Law will take its own course: Mamata on college elections violence
The West Bengal CM visited the house of the slain policeman who was killed during the TMC-Congress clashes.
Kolkata: Two days after violence at Garden Reach claimed the life of a police officer, West Bengal Chief Minister Mamata Banerjee on Thursday said that the law would take its own course in the case. "Law will take its own course and my one line is enough," the chief minister, who returned from Digha and was accompanied by Trinamool Congress All-India general secretary Mukul Roy, told reporters after visiting the family of the slain Special Branch sub-inspector, Tapas Chowdhury, at their Thakurpukur residence said.
Mamata who entered the house after paying homage with folded hands before the portrait of the deceased officer at the main door, said that she had heard that FIRs had not been lodged against some persons for the violence on February 12.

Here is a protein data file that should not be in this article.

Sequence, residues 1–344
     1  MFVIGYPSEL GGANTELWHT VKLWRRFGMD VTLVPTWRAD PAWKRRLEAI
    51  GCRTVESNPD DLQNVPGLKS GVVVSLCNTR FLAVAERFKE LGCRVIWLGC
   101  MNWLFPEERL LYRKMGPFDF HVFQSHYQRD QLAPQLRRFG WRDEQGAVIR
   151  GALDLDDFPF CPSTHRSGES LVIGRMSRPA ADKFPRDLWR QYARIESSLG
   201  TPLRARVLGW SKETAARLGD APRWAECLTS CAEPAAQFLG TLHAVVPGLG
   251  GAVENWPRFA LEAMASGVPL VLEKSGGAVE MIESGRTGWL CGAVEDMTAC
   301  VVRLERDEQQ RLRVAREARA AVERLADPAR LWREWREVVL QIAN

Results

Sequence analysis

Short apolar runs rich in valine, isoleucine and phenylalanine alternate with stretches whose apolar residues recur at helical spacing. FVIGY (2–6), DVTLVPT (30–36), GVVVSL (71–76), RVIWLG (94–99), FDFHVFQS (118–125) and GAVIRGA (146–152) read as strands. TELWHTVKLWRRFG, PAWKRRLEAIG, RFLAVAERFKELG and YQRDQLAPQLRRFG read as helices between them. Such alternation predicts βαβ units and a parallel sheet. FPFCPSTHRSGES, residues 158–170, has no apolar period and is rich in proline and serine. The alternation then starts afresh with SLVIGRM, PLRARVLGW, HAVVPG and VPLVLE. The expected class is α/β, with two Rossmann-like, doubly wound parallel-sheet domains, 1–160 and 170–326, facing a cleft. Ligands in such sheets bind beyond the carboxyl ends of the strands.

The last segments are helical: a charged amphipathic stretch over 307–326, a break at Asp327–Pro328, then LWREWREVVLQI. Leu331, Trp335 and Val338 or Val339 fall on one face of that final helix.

"FIRs were not lodged against some more persons. Why it was not done I will inquire. It has to be done," Mamata, who is in charge of the Home (police) department, said after the 15 minute visit. "It's a personal loss to me. I have known him and his family for a long time. The incident happened when I was at a programme at Nandigram. I heard it on the way," Mamata said.
She said that the slain SI's wife, Minati, would get all the financial benefits, including increment and promotion due to the officer till his scheduled retirement in 2017. The officer's daughter, Tanushree, would be given a job in a clerical post in the police department and the state government would bear the expense for the education of his son, Tamal.
The chief minister said that the family would be given Rs 15 lakh as insurance accident benefit and another Rs five lakh by her government.
An additional Rs five lakh would be given from the chief minister's relief fund for the officer's aged mother to meet her medical expenses and for a unmarried sister, Mamata said.